New York State Sen. Catharine Young and Gov. Andrew Cuomo believe reducing taxes will boost the state's economy.
Young, R-Olean, and Senate Republican colleagues recently issued a comprehensive report on state taxes, calling for reforms, simplification and reduction of personal income taxes, business taxes, estate taxes and local property taxes.
"With the real and substantial tax cuts and reforms we are proposing, taxpayers and small businesses will get the relief they need and deserve," Young said. "We are proposing strong and meaningful changes that will significantly reduce the tax burden on New Yorkers at every level."
The report advocates enacting a permanent 2 percent state spending cap with surplus revenues dedicated to cutting taxes.
New York is ranked as one of the least business-friendly states in the country due to high taxes, Young said, but reforms will keep the economy moving forward and will be the focus of 2014.
The report suggests permanent inflation adjustments for certain income brackets in order to prevent tax increases due to wage growth.
Additionally, reforming and reducing property taxes would provide relief for hardworking families. Reforming estate taxes would better protect family farms and small businesses as well.
It also suggests making all retirement income tax-free to encourage seniors to stay in New York.
"This plan outlines a clear set of goals that will make our state a more affordable place to live, work, do business and retire," Young said. "I look forward to continuing to work on these initiatives to make our state thrive again."
"Any time we can reduce the tax burden on both the citizens and most importantly, businesses, I think we're heading in the right direction," County Executive-elect Vince Horrigan said, adding that simplifying and reducing costs of businesses will attract new business and create jobs in Chautauqua County.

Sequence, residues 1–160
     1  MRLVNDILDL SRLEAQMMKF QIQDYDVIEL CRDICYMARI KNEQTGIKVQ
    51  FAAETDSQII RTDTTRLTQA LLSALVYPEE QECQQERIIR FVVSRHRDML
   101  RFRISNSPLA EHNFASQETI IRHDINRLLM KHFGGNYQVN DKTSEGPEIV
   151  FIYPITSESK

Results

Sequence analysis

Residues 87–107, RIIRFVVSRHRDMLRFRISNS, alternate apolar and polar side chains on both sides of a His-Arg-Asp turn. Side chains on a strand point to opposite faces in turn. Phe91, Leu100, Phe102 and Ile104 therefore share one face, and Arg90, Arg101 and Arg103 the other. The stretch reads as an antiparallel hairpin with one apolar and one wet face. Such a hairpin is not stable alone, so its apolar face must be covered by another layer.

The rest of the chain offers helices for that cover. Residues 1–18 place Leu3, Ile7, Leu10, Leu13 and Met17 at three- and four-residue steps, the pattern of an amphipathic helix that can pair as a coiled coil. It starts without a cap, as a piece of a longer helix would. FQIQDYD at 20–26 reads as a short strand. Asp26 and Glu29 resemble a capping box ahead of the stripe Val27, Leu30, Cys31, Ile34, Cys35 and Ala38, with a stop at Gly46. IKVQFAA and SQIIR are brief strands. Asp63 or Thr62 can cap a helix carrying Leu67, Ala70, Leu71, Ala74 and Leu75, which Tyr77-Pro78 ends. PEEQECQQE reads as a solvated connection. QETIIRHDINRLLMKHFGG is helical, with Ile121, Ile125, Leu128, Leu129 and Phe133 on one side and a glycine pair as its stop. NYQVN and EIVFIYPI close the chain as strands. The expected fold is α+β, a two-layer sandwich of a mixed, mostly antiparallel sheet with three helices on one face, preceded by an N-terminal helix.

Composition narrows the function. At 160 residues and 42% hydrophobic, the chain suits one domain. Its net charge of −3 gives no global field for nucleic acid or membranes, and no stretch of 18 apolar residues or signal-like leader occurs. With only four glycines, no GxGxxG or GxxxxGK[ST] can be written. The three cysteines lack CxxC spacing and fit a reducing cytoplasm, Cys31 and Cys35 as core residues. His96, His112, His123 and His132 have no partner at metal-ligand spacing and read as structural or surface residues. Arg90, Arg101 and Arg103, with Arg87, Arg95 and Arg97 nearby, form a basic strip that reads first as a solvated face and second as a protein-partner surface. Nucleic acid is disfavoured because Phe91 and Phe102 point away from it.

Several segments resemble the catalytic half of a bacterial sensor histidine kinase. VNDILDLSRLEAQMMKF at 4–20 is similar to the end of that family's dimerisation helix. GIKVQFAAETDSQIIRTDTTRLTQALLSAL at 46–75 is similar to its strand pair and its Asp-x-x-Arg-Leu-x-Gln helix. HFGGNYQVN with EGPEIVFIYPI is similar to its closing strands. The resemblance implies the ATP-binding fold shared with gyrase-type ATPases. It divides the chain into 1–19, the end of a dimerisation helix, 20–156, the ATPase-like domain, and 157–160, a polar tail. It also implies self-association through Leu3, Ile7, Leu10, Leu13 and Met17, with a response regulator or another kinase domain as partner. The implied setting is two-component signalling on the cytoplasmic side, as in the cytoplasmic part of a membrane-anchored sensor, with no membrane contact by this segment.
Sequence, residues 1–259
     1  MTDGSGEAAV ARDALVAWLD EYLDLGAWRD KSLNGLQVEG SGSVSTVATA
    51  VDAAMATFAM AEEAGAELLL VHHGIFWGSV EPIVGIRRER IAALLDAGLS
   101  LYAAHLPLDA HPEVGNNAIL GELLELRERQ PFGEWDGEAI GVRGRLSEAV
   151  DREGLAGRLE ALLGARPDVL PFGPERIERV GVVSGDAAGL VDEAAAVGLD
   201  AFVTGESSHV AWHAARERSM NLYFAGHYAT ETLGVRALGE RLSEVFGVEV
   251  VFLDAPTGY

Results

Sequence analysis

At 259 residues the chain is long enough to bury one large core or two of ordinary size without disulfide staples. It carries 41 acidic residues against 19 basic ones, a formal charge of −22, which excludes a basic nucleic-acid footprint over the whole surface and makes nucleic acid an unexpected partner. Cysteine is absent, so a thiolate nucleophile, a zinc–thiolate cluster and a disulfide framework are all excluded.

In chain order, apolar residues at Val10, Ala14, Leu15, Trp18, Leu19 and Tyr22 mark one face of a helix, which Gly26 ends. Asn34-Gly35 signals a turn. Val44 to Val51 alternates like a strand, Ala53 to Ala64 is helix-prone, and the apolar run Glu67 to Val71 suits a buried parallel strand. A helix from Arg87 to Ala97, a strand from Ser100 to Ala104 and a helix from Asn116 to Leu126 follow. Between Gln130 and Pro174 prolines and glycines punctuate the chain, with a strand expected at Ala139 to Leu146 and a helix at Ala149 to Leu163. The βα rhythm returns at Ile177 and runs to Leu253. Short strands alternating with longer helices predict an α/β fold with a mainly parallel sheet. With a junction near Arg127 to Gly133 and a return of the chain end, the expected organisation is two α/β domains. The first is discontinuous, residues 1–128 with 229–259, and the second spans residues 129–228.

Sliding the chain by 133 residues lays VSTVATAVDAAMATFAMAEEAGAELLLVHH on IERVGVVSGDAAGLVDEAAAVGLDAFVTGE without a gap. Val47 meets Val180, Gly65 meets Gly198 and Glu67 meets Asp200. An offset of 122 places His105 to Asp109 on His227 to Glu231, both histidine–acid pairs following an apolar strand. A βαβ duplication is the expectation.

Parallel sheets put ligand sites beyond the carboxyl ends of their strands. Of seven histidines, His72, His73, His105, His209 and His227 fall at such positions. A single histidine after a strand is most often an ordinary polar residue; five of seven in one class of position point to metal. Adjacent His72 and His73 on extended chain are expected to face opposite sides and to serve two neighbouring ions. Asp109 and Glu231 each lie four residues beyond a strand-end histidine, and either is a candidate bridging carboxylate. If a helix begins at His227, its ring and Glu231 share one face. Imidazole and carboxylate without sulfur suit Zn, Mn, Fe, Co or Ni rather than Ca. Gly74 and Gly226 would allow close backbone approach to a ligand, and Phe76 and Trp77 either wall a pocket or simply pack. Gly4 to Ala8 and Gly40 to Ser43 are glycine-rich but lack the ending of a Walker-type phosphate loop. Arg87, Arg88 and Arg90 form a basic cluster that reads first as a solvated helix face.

Horrigan is also a supporter of Cuomo's StartUp NY, an initiative allowing businesses to operate tax-free for 10 years in cooperation with SUNY campuses and other community colleges.
"What we really want to see is tax savings spread across existing businesses and the residents and the hardworking citizens of Chautauqua County," Horrigan said. "To get those savings spread across existing and areas outside-that's what's going to enable us to grow jobs and grow our citizens."
"I applaud Sen. Young in her efforts to reduce the tax burden on the people of Chautauqua County," Horrigan finished.
Young's report is comparable to a comprehensive review presented to Cuomo by the New York State Tax Reform and Fairness Commission earlier in November.
The report proposed modernizing the current sales tax exemption structure along with modifying estate tax.
It also suggested reforming New York's corporate and bank franchise taxes which it said are "badly outdated, unduly complex and vulnerable to aggressive tax avoidance techniques."
"Modernizing our archaic taxes to make the system more fair and equitable will be an enormous boost to New York," said Peter Solomon, co-chair of the commission. "We hope these options will further improve our business climate and help encourage job creation."
"Since being elected governor, my administration has focused on reversing New York's negative tax reputation, further improving our business climate and easing the burden on everyday taxpayers," Cuomo said.